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Ubunji Kidokoro, Bamboo armchair (1937). WA Design at PAD London, 30 September-6 October. €22,000

Japanese-French Modern design represents a minimal, purest aesthetic, as typified by this bamboo chair by the Japanese designer Ubunji Kidokoro. The clean lines and cantilevered form of Kidokoros chair were to influence the French designer Charlotte Perriand's bentwood chaise longue design. Kidokoros bentwood creation was itself influenced by European design—that of Alvar Aaltos cantilevered “31” armchair (1931).

Simone Leigh, Shower Cap (2013). 20th Century and Contemporary Evening Sale, Phillips, London, 4 October. Estimate: £40,000-£60,000

Known for her work that focuses on the continued marginalisation of black women, the young Brooklyn-based artist Simone Leigh has moved firmly into the spotlight in the past three years, with solo shows at the New Museum and Guggenheim in New York, alongside winning the 2018 Hugo Boss Prize and featuring in this years Whitney Biennial. Unsurprisingly, her prices have also firmed up—works are now valued at around 15 times their 2013 estimates. This ceramic work made from porcelain, plastic and cobalt evokes ancient African sculpture, which Leigh often borrows from, combining a traditional form with political comment.

Chinese head of a Buddha, Liao Dynasty (907-1125). Rasti Chinese Art at Fine Art Asia, Hong Kong, 4-7 October. Around $80,000

This little Buddha head is unusual in that it is carved in a mottled grey jade—they are nearly always bronze. Although only 6.4cm tall, the elongated head has “a powerful physical presence comparable to Liao period gold and silver funerary masks, with the details of the eyes, nose and mouth being typical”, says Rasti Chinese Art founder Nader Rasti. At the time, China was ruled by the nomadic proto-Mongol Qidan (Khitan) people and this head, with its “pendulous earlobes”, is influenced by this culture.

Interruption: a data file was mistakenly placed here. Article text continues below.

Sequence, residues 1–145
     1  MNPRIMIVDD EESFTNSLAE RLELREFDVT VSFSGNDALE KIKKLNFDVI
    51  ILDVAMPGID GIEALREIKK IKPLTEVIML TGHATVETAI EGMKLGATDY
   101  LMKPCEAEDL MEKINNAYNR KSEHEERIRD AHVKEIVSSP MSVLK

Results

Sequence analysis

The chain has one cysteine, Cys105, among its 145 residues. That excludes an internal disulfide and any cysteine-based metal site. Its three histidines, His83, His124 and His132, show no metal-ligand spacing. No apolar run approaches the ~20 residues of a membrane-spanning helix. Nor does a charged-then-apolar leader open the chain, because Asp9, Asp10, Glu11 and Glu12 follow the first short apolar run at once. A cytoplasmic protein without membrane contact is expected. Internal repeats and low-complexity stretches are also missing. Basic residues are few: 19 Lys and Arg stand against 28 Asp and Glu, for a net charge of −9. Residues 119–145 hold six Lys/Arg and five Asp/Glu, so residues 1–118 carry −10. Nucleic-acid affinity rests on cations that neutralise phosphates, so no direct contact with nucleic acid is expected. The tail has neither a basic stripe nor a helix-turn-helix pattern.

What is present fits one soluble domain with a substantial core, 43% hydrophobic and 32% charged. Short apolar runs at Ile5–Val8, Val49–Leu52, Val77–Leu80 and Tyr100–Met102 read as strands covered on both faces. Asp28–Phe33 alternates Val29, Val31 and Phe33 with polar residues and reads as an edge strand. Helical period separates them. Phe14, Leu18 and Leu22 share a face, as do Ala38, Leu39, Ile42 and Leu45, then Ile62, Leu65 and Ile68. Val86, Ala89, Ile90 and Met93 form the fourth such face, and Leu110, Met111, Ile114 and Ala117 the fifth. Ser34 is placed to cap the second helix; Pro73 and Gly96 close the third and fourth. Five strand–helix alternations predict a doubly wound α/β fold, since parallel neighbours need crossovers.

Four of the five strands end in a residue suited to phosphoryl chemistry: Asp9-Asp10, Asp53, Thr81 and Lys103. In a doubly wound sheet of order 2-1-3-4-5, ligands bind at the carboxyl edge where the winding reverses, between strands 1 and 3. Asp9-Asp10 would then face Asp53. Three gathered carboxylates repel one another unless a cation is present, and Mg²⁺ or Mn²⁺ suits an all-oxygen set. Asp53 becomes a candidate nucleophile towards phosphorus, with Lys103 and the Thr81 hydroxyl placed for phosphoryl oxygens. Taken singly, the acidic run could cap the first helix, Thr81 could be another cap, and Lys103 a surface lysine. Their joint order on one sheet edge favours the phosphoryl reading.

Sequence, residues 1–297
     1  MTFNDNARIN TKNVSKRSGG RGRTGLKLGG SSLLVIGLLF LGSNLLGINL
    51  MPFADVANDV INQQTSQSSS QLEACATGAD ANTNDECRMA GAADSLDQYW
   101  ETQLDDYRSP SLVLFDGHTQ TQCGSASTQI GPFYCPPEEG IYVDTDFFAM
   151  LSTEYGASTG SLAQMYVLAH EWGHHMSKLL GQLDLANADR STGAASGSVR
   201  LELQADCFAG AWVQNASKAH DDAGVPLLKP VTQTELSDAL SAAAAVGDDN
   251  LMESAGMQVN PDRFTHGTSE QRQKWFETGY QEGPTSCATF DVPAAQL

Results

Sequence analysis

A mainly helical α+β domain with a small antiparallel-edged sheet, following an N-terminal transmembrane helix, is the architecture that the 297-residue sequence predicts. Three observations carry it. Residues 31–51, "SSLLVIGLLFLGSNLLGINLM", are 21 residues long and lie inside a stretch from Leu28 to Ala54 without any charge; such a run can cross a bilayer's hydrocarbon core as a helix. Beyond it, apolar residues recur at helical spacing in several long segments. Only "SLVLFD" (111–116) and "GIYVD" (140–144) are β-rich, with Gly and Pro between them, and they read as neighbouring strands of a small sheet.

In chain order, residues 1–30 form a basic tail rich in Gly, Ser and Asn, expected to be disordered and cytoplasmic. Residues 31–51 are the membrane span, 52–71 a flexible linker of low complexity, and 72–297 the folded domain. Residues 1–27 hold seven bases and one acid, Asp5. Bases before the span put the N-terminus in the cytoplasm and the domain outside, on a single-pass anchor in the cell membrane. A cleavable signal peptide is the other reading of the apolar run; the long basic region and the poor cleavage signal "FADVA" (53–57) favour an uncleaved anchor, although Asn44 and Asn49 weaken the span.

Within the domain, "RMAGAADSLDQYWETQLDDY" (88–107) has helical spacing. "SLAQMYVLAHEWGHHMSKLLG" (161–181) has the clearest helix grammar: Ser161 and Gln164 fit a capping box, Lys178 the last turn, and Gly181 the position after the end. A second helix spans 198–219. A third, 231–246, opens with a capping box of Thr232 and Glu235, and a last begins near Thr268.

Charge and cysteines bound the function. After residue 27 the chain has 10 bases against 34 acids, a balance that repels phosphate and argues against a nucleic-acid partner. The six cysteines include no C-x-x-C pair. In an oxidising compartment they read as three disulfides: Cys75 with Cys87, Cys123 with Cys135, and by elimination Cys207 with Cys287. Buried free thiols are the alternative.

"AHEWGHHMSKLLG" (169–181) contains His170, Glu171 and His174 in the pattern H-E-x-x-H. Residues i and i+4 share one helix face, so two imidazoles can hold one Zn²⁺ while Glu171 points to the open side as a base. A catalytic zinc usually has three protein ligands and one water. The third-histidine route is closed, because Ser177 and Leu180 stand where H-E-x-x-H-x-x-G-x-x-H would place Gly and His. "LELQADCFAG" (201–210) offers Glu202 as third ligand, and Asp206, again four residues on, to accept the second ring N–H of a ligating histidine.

Chéri Samba, Le collège de la Sagesse (2005). Modern and Contemporary African Art, Bonhams, London, 3 October. Estimate: £30,000-£40,000

Chéri Samba, who was included in the 2007 Venice Biennale, began his career as a billboard sign painter; his works often record life around his hometown of Kinshasa in the Democratic Republic of Congo. This painting, which was bought in 2011 by a collector of Congolese art, is inscribed with text written in both French, the official language of the DRC, and Sambas mother tongue, Kikongo. The word bubble at the bottom of the canvas—a Samba signature—begins, “every nation is exalted by their own language”, a pointed reference to having pride in your native tongue.

Elizabeth Catlett, Seated Woman (1962). African-American Fine Art, Swann Auction Galleries, New York, 8 October. Estimate: $100,000-$150,000

The earliest wood sculpture by the African American artist Elizabeth Catlett to surface at auction, Seated Woman (1962) was produced in a pivotal year: she obtained Mexican citizenship and was deemed an “undesirable alien” in her home country of the US; had her first solo exhibition in Mexico; and won the Tlatilco prize in Mexicos first sculpture biennial for the work Figura (1962). Its provenance is defined by firsts, too, as it is consigned by Michigan congressman George Crockett Jr—known for founding one of the first racially integrated law firms in the US—and his wife, Ethelene Crockett, the first African-American woman obstetrician in Michigan and the first woman to be president of the American Lung Association. Swann achieved the record for Catlett in 2009 with the large-scale sculpture Homage to My Young Black Sisters (1968), which fetched $288,000.

Masanori Umeda, Tawaraya (1981). Memphis Design: the Zanone Collection, Wright, Chicago, 3 October. Estimate: $10,000-$15,000.

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